Congenital Diaphragmatic Hernia (CDH)

Congenital Diaphragmatic Hernia (CDH) Medical Illustration

A congenital diaphragmatic hernia (CDH) is a condition that arises due to the failure of the diaphragm to properly form. This leads to other organs entering the chest cavity, which impairs development of the lungs. The resulting pulmonary hypoplasia (underdeveloped lungs) can lead to a variety of conditions, including: asthma, respiratory failure, feeding problems, developmental delays, or even death in severe cases.

Congenital diaphragmatic hernia treatment involves providing breathing support while not damaging the lungs, which in some cases may require the use of extracorporeal membrane oxygenation, or ECMO. In cases that are severe, delivery using an EXIT to ECMO strategy may be used. This EXIT to ECMO procedure was pioneered by Colorado Fetal Care Center Director Dr. Timothy Crombleholme, a nationally recognized expert and leader in treating CDH. The use of a multidisciplinary team is essential to the management of the complex patients. This approach has resulted in some of the highest congenital diaphragmatic hernia survival rates in the country.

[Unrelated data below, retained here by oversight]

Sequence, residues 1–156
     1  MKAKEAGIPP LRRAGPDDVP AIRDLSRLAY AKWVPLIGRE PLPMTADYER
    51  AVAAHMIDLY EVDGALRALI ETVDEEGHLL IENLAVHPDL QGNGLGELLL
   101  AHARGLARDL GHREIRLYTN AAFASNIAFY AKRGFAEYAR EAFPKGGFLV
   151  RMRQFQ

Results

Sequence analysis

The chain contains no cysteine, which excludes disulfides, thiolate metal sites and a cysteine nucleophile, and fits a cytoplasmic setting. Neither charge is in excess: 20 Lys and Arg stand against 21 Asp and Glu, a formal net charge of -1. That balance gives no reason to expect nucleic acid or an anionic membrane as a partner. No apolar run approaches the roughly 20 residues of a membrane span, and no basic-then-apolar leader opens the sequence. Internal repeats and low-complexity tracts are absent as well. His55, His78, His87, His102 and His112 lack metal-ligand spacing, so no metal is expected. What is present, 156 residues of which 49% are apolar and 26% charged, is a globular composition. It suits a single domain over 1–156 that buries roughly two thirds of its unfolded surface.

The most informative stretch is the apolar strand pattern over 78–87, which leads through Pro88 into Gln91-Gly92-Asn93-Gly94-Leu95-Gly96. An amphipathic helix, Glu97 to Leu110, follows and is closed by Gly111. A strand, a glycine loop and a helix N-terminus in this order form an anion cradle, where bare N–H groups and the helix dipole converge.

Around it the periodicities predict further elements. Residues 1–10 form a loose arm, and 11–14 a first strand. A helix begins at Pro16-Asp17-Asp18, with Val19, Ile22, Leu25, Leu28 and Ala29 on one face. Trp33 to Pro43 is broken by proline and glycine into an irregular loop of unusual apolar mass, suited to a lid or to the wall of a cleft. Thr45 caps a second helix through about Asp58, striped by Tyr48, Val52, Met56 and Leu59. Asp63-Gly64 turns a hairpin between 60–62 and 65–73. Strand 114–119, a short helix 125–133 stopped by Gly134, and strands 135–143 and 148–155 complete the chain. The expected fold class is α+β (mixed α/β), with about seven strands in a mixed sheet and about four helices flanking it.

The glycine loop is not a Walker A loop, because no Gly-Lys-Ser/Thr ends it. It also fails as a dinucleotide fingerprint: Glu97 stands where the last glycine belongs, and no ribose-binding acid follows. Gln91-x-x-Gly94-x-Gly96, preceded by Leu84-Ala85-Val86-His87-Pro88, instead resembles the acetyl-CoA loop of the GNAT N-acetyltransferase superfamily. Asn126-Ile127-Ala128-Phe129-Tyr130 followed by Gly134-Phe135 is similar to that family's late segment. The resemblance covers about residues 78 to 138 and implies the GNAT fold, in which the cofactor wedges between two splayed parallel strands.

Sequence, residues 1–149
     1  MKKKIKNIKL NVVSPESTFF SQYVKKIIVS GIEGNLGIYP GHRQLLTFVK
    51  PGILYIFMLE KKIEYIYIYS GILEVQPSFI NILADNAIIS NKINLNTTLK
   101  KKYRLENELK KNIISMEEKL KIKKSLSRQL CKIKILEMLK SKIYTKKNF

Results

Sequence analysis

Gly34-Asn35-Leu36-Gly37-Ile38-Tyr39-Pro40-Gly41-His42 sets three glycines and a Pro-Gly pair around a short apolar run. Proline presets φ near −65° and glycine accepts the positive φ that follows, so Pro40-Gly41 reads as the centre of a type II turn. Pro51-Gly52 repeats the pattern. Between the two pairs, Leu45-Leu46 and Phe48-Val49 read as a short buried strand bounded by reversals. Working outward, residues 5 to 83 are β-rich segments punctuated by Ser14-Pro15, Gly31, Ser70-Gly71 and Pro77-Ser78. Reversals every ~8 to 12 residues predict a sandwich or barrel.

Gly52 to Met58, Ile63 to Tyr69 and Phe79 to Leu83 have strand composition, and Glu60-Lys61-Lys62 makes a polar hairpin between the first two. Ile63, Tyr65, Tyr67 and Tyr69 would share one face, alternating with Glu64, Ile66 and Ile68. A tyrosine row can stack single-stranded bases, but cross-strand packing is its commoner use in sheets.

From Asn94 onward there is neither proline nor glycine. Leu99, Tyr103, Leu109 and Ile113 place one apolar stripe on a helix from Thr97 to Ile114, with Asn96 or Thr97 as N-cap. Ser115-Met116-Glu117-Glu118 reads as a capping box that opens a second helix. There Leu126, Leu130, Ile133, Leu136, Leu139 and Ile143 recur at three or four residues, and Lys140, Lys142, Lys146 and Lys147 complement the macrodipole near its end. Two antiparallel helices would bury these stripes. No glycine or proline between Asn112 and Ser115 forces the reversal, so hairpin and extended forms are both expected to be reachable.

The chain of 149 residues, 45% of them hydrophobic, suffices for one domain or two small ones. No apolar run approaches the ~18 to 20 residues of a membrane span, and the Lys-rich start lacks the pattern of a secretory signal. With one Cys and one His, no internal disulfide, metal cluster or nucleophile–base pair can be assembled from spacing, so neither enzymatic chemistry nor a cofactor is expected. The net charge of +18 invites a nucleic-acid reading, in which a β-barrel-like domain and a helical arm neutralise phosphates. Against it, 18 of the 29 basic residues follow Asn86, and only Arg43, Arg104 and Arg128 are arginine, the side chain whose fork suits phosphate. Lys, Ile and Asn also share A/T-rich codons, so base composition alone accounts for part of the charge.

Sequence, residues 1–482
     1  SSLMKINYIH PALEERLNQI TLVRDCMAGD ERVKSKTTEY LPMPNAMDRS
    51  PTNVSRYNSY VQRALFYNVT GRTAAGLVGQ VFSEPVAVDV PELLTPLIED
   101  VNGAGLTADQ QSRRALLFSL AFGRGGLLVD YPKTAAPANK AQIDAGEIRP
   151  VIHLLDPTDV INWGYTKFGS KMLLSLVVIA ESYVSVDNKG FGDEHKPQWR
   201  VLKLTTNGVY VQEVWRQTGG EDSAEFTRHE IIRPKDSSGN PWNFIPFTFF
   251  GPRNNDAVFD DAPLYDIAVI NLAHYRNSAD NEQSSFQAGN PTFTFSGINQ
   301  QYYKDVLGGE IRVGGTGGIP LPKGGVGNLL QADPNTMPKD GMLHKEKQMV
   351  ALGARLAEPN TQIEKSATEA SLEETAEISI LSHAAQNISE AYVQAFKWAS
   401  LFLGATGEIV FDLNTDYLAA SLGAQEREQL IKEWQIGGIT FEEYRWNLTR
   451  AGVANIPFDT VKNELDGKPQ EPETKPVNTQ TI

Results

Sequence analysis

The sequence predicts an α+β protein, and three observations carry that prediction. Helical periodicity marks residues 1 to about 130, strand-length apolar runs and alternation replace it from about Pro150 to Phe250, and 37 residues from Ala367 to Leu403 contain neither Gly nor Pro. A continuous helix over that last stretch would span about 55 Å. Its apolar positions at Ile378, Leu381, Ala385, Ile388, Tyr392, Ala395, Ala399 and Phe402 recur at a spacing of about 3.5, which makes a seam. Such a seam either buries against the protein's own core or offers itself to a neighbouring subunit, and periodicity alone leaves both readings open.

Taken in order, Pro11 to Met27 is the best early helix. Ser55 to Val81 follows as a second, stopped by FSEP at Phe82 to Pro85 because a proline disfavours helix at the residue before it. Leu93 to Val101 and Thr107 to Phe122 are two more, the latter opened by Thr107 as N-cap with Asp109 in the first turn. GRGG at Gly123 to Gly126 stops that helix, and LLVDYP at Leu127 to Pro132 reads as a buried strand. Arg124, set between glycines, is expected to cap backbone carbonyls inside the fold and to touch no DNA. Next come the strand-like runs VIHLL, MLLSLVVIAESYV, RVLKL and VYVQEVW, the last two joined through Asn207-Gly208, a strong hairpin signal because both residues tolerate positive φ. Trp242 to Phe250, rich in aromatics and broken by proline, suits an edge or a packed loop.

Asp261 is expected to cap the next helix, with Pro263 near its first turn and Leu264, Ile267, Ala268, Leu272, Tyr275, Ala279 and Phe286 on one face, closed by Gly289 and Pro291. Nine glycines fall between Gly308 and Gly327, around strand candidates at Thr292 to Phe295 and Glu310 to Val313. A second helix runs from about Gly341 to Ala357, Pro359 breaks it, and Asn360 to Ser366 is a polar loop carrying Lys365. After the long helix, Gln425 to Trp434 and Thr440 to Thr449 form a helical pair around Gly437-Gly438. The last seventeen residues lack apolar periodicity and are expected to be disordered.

Learn more here about the cause of the defect, how it affects the baby's organs and how fetal surgery can improve outcomes for these patients.

Learn more about the Colorado Fetal Care Center's dedicated CDH team.

Learn about the Fetoscopic Tracheal Occlusion treatment and study

Detailed Reading

Fetology textbook pic

Discussion of this condition comes from 'Fetology: Diagnosis and Management of the Fetal Patient,' by CFCC Director and fetal surgeon Dr. Timothy Crombleholme, et al. The book is widely regarded as the gold standard textbook in the field. Read more about 'Fetology.'



A congenital diaphragmatic hernia is a defect in the formation of the diaphragm that is associated with pulmonary hypoplasia. A congenital diaphragmatic hernia is thought to be due to failure of the pleuroperitoneal canal to close by 9 to 10 weeks of gestation.

  • Approximately 60% of cases are isolated and 40% are complex or syndromic.
  • Multiple sonographic and MRI techniques have been described to predict lung volume, which is an important predictor of survival. Liver position is also very important with regard to outcome.
  • In the most severe cases of congenital diaphragmatic hernia, therapeutic innovations such as fetal tracheal occlusion with a balloon which is removed prior to delivery or EXIT to ECMO may offer the best hope for survival.
  • All fetuses with a congenital diaphragmatic hernia should be delivered in a tertiary center with specific neonatal and surgical expertise in this condition and ECMO capability.
  • Cesarean section delivery is indicated only for standard obstetrical reasons or for ECMO standby.
  • Approximately a dozen single-gene disorders have a congenital diaphragmatic hernia as a major feature. With increased cytogenetic resolution through array cGH, more syndromic cases are being recognized as being associated with chromosome abnormality. Fetal karyotype is indicated in all cases.
  • Incidence is around 1 in 2200 with 85% to 90% being left sided, 10% to 15% right sides and 2% bilateral.
University Colorado Hospital childrens Hospital Colorado school of Medicince